Textbook Notes (280,000)
CA (160,000)
UTSG (10,000)
SOC (1,000)
SOC101Y1 (400)
Chapter 13

SOC101Y1 Chapter Notes - Chapter 13: Mainline Protestant, Church Attendance, Protestant Work Ethic

Course Code
Adam Green

This preview shows pages 1-3. to view the full 9 pages of the document.
In recent years, religion has received worldwide attention
Religion’s presence and importance is blatant in the conflict, terrorism, and peacemaking efforts
in the Middle East
The reality of religion is readily apparent in the tendency of the vast majority of people to
continue to identify with a religious tradition
Many early social scientists were convinced that religion’s days were numbered
Through the 1990s, the widespread consensus was that religion’s influence was declining and
people in most technologically advanced countries were leaving religion behind
We now know that such observers were wrong
Interest in religion and spirituality is actually on the upswing in many parts of the world,
including North America, Russia and Asia
Today, religion is frequently associated with conflict and division; also brings meaning,
sustenance and hope to billions
A basic rule of science is that what counts as real is what we can detect through our senses
(empirical knowledge)
Proponents of religion have asserted that the world we know through the sense is only part of a
greater reality that, because of the limitations of sense perception, can only be known through
Science and religion are compatible

Only pages 1-3 are available for preview. Some parts have been intentionally blurred.

Science limits itself to what is perceivable and religion maintains that reality includes the non-
Conflict between the two should only arise when one oversteps its boundaries and invades the
other’s territory
Religion cannot overrule science in refuting basic evolutionary claims or dismissing sound
medical diagnoses
Science is limited to conclusions about the observable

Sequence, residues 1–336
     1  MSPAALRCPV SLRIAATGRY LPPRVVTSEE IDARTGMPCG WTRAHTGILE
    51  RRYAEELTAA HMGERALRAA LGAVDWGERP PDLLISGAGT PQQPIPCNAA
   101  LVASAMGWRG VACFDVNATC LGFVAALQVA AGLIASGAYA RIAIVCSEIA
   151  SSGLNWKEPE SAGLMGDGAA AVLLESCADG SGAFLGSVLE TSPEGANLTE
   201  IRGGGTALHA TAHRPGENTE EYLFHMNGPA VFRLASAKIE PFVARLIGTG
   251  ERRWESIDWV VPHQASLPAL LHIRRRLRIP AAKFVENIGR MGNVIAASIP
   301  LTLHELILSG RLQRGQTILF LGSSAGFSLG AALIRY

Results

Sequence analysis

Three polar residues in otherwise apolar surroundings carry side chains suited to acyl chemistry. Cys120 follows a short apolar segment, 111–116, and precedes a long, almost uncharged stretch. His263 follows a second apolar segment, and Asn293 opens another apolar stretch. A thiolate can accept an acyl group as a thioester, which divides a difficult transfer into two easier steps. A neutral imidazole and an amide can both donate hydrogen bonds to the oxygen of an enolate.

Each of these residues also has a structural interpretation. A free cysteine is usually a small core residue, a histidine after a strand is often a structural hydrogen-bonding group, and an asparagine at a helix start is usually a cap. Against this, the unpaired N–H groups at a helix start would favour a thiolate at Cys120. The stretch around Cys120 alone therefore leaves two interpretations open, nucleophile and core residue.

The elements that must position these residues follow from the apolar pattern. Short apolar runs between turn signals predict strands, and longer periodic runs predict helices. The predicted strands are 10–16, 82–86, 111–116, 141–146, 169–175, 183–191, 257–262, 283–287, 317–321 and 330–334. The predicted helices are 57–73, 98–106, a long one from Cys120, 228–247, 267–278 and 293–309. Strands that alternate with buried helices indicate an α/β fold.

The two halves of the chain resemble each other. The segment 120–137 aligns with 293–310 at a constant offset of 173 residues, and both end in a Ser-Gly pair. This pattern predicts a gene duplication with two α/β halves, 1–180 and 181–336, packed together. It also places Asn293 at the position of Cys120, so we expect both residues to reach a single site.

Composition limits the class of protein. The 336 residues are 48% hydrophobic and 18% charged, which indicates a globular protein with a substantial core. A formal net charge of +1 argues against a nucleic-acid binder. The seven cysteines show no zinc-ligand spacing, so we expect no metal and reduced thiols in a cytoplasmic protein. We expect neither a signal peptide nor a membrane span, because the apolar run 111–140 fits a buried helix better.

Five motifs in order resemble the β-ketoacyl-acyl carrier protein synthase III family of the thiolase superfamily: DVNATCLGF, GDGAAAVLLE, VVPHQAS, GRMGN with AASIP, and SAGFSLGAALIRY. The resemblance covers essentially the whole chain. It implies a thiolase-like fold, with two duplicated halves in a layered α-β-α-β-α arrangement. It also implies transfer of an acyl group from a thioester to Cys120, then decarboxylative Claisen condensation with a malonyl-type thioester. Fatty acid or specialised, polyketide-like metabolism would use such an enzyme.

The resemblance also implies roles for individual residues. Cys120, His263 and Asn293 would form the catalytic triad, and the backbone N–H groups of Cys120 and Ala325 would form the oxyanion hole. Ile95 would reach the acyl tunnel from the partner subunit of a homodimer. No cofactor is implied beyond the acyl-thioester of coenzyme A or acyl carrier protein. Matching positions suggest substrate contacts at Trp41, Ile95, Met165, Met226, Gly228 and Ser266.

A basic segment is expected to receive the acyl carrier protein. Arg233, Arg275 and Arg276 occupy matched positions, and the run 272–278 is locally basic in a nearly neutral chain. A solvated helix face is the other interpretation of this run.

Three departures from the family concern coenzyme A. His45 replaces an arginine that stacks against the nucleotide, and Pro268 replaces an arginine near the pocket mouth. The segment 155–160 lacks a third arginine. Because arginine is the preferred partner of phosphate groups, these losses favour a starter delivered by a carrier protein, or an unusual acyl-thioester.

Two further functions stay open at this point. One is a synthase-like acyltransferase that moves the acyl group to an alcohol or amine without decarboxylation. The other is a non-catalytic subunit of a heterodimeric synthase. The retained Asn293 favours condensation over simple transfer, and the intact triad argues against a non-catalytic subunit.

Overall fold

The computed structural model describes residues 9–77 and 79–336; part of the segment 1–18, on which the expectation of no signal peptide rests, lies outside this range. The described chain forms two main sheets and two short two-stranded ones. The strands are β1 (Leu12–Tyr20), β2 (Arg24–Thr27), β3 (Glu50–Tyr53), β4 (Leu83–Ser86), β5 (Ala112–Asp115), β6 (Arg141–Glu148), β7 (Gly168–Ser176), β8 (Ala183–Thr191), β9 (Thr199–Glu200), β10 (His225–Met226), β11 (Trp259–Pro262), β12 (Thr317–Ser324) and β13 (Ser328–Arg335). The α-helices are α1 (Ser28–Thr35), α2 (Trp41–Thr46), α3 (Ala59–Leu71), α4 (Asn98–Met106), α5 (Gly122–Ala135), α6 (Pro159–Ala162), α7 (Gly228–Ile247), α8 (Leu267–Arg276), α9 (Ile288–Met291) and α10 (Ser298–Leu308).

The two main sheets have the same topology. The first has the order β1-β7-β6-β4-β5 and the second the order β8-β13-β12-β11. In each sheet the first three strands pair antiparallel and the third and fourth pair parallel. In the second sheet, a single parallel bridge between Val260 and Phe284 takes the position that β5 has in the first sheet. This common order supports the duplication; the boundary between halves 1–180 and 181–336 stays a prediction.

Sociology consequently suffers from one methodological limitation in studying religion: it cannot
probe the supernatural claims that religion so often is about, but sociologists can offer
considerable insight
Whether or not religious ideas are true is not as important as the fact that they are believed to
be true
If we define things as real, they are real in their consequences
1. MARX:
- Believed that religion is a human creation
- “man makes religion; religion does not make man”
- It has been argued that we can resolve undesirable conditions by either changing them or
reinterpreting them
- According to him, religion constitutes as a response, resulting in people who are
economically and politically deprived redefining reality, rather than changing their
oppressive conditions
- Religious status is substituted for social status
- Marx maintained that those who hold power encourage religious belief among the masses
as a tool in the process of exploiting and subjugating them
- H.R Niebuhr said that religion helped African Americans to become better slaves
- Marx said that historically, society and religion were so intertwined that attacks on
feudalism were attacks on the church, while revolutionary social and political doctrines were
viewed as theological heresies
- Religion was an inadequate salve for a sick society; when the sickness was remedied, there